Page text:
Antidiuretic Hormone (ADH) Test

Antidiuretic hormone (ADH) is a hormone that helps kidneys manage the amount of water in  the body. The ADH test measures how much ADH is in blood. This test is often combined with other tests to find out what is causing too much or too little of this hormone to be present in the blood.

ADH is also called arginine vasopressin. It’s a hormone made by the hypothalamus in the brain and stored in the posterior pituitary gland. It tells the kidneys how much water to conserve. ADH constantly regulates and balances the amount of water in blood. Higher water concentration increases the volume and pressure of the blood. Osmotic sensors and baroreceptors work with ADH to maintain water metabolism. Osmotic sensors in the hypothalamus react to the concentration of particles in blood. These particles include molecules of sodium, potassium, chloride, and carbon dioxide. When particle concentration isn’t balanced, or blood pressure is too low, these sensors and baroreceptors tell the kidneys to store or release water to maintain a healthy range of these substances. They also regulate the body’s sense of thirst.

  ADH level testing

The normal range for ADH is 1-5 picograms per milliliter (pg/mL). Normal ranges can vary slightly among different laboratories. ADH levels that are too low or too high can be caused by a number of different problems.

ADH deficiency

Too little ADH in your blood may be caused by compulsive water drinking or low blood serum osmolality, which is the concentration of particles in your blood.

A rare water metabolism disorder called central diabetes insipidus is sometimes the cause of ADH deficiency. Central diabetes insipidus is marked by a decrease in either the production of ADH by your hypothalamus or the release of ADH from your pituitary gland.

Common symptoms include excessive urination, which is called polyuria, followed by extreme thirst, which is called polydipsia.

People with central diabetes insipidus are often extremely tired because their sleep is frequently interrupted by the need to urinate. Their urine is clear, odorless, and has an abnormally low concentration of particles.

Central diabetes insipidus can lead to severe dehydration if it’s left untreated. Your body won’t have enough water to function.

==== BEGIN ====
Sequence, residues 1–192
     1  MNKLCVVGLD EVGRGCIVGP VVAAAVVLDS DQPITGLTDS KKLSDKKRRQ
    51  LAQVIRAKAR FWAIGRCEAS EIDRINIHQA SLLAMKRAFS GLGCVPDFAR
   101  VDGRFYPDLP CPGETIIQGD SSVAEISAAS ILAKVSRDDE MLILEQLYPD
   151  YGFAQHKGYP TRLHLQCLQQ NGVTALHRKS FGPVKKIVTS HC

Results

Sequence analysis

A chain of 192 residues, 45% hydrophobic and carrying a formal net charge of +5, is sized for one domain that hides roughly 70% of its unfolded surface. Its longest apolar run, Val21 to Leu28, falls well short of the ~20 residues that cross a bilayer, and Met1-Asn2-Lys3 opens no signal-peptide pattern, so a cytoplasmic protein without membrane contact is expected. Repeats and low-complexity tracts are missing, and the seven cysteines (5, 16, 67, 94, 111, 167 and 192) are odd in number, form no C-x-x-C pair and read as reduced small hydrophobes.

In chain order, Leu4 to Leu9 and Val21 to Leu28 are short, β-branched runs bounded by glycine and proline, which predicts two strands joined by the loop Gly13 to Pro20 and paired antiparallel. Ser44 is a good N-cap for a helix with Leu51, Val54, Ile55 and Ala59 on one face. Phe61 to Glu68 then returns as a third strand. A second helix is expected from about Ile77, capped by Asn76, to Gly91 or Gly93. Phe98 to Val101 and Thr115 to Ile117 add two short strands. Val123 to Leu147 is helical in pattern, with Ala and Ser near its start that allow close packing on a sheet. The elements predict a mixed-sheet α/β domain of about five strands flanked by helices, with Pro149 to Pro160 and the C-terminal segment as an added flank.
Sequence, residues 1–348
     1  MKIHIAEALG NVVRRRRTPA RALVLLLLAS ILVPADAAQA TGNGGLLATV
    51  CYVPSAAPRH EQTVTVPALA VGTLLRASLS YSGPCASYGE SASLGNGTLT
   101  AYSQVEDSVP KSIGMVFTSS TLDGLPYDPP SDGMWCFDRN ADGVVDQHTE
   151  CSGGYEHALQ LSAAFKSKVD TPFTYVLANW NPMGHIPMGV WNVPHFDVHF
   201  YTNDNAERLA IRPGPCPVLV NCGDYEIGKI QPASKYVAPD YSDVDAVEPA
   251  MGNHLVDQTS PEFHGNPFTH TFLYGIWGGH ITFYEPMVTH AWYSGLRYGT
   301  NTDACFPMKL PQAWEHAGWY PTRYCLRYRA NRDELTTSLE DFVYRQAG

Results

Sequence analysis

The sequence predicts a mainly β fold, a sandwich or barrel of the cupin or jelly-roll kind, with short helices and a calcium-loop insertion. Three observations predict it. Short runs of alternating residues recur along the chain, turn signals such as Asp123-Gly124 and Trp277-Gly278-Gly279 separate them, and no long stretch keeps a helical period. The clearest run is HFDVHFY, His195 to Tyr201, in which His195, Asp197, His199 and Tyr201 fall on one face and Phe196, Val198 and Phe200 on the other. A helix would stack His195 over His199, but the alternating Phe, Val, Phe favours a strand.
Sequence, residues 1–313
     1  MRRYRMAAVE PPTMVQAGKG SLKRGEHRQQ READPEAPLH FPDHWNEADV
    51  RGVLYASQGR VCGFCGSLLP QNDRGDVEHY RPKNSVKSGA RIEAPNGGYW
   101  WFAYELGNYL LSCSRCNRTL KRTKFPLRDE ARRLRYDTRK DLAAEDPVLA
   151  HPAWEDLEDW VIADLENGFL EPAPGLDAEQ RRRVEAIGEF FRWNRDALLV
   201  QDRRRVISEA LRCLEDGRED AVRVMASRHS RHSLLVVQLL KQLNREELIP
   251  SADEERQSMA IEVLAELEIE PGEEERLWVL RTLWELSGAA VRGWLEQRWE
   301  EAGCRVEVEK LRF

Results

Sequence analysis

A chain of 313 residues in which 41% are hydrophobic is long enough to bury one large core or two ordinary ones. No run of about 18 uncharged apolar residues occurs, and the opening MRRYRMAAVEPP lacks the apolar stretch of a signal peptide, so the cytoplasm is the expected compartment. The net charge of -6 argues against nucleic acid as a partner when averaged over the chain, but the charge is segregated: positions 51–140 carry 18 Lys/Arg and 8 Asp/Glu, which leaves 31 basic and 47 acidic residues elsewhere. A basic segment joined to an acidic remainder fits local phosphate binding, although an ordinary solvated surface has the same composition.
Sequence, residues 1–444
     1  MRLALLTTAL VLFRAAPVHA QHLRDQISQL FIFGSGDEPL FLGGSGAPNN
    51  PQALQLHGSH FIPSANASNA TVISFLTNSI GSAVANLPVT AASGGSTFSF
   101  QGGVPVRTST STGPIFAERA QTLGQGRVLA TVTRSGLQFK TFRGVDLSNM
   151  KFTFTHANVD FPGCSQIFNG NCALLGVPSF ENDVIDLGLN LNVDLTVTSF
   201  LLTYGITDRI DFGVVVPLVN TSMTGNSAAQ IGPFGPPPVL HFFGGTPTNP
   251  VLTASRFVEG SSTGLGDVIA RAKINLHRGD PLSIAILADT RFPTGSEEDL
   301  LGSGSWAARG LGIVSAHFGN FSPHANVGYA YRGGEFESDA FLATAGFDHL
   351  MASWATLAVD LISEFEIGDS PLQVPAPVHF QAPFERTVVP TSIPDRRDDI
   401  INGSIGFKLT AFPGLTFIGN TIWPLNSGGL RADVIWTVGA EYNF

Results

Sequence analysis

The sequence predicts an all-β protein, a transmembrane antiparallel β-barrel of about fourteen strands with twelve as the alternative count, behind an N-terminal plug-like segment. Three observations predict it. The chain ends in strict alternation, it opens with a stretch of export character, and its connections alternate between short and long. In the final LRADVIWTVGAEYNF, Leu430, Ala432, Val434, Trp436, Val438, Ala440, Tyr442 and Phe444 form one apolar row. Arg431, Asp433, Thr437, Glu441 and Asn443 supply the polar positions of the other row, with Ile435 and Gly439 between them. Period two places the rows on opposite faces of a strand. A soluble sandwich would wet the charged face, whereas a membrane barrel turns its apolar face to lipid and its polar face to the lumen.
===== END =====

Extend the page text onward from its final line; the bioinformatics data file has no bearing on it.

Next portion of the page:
This disorder is not related to the more common diabetes, which affects the level of the hormone insulin in your blood.

Excess ADH

When there’s too much ADH in your blood, syndrome of inappropriate ADH (SIADH) may be the cause. If the condition is acute, you may have a headache, nausea, or vomiting. In severe cases, coma and convulsions can occur. Increased ADH is associated with: leukemia and other cancers Guillain-Barré syndrome multiple sclerosis epilepsy acute intermittent porphyria, which is a genetic disorder that affects your production of heme, an important component of blood cystic fibrosisemphysema tuberculosis HIV AIDS Dehydration, brain trauma, and surgery can also cause excess ADH.

Nephrogenic diabetes insipidus is another very rare disorder that may affect ADH levels. If you have this condition, there’s enough ADH in your blood, but your kidney can’t respond to it, resulting in very dilute urine. The signs and symptoms are similar to central diabetes insipidus. They include excessive urination, which is called polyuria, followed by extreme thirst, which is called polydipsia. Testing for this disorder will likely reveal normal or high ADH levels, which will help distinguish it from central diabetes insipidus.

Nephrogenic diabetes insipidus is not related to the more common diabetes mellitus, which affects the level of insulin hormone in the blood.

Abnormally high levels of ADH may mean you have:

  • a brain injury or trauma
  • a brain tumor
  • a brain infection
  • a central nervous system infection or tumor
  • a lung infection
  • small cell carcinoma lung cancer
  • fluid imbalance after surgery
  • syndrome of inappropriate ADH (SIADH)
  • a stroke
  • nephrogenic diabetes insipidus, which is very rare
  • acute porphyria, which is very rare

Abnormally low levels of ADH may mean:

An ADH test alone is usually not enough to make a diagnosis. Your doctor will probably need to perform a combination of tests. Some tests that may be performed with an ADH test include the following:

  • An osmolality test is a blood or urine test that measures the concentration of dissolved particles in your blood serum and urine.
  • An electrolyte screening is a blood test that’s used to measure the amount of electrolytes, usually sodium or potassium, in your body.
  • A water deprivation test examines how frequently you urinate if you stop drinking water for several hours.

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